The favorability ratings suggest that Judge Moore would lose a runoff election to Tuberville, and possibly to any of the others. While the retired coach posted a 49:18% positive to negative ratio, Judge Moore was upside down at 38:49%.
For weeks speculation has been rampant that former state Supreme Court Chief Justice and 2017 failed US Senate candidate Roy Moore is contemplating another run next year. Mr. Moore now confirms that he is considering again becoming a statewide federal candidate and says he will make a decision in the next few weeks.
President Trump has publicly urged Judge Moore not to run, and his input has proven definitive in many Republican primaries. Already in the race are US Rep. Bradley Byrne (R-Mobile), former Auburn University football coach Tommy Tuberville, state Auditor Jim Zeigler, and state Rep. Arnold Mooney (R-Indian Springs/Birmingham). The latter man was chairman of Rep. Mo Brooks’ (R-Huntsville) 2017 Senate campaign and decided to run himself when the Congressman announced he would not launch another statewide campaign next year.
Former US Senator and Attorney General Jeff Sessions (R) is re-emerging. Originally stating that he wanted to get away to the Alabama woods for a while when asked if he would consider entering the 2020 Senate primary, Mr. Sessions may now be issuing different signals. This week, he responded that he is “interested in the issues” when asked about the Senate race, prompting some to surmise that Mr. Sessions has not necessarily ruled out becoming a candidate.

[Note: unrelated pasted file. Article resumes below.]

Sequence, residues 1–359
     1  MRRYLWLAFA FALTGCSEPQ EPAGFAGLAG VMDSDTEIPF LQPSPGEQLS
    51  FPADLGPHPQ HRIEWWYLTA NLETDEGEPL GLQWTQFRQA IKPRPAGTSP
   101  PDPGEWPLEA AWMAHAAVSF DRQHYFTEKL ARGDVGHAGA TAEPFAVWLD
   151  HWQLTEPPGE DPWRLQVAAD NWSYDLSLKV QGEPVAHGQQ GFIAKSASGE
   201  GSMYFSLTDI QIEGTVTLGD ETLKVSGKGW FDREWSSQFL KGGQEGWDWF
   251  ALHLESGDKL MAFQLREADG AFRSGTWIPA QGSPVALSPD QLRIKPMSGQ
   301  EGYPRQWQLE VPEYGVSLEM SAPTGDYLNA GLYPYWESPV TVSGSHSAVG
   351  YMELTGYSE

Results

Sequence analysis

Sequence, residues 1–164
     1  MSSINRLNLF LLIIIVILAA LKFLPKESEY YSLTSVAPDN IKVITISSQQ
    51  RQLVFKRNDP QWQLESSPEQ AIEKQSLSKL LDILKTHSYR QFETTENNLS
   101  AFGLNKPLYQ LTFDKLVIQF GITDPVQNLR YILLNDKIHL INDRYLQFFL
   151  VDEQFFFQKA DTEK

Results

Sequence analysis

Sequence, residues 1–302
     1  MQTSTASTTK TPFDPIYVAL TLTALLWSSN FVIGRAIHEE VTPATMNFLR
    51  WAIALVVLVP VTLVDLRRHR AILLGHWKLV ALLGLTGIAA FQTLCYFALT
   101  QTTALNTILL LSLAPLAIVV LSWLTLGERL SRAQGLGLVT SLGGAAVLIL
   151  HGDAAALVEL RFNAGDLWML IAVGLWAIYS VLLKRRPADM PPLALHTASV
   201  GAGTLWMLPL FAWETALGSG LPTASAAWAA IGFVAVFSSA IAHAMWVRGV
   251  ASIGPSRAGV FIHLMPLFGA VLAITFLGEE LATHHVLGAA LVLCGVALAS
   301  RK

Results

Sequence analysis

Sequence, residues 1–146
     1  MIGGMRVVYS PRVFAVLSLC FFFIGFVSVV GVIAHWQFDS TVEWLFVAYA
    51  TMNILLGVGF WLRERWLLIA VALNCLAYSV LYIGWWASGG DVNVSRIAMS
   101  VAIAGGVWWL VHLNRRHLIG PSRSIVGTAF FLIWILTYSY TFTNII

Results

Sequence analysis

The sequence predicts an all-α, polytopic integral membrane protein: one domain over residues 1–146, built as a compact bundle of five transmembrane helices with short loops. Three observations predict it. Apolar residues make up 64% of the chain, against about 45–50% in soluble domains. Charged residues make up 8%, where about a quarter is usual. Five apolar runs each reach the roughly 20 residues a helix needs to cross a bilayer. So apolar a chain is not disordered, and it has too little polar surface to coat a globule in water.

While US Rep. Mo Brooks (R-Huntsville) said on Friday that he would not be a Senate candidate next year, the man who chaired his 2017 special election Senate campaign, state Rep. Arnold Mooney (R-Indian Springs Village), announced that he will join the emerging field of candidates.
The expanding field makes former state Supreme Court Chief Justice Roy Moore coming back to the 2020 race after his 2017 campaign debacle more likely. In a crowded field, like in the previous race, Judge Moore’s strong base could propel him into a run-off election.
The current candidate lineup includes Rep. Bradley Byrne (R-Mobile), state Auditor Jim Zeigler, former Auburn University head football coach Tommy Tuberville, and possibly Secretary of State John Merrill (R) in addition to Rep. Mooney. The eventual Republican nominee faces first-term incumbent Doug Jones (D) in what is becoming a must-win race for the GOP.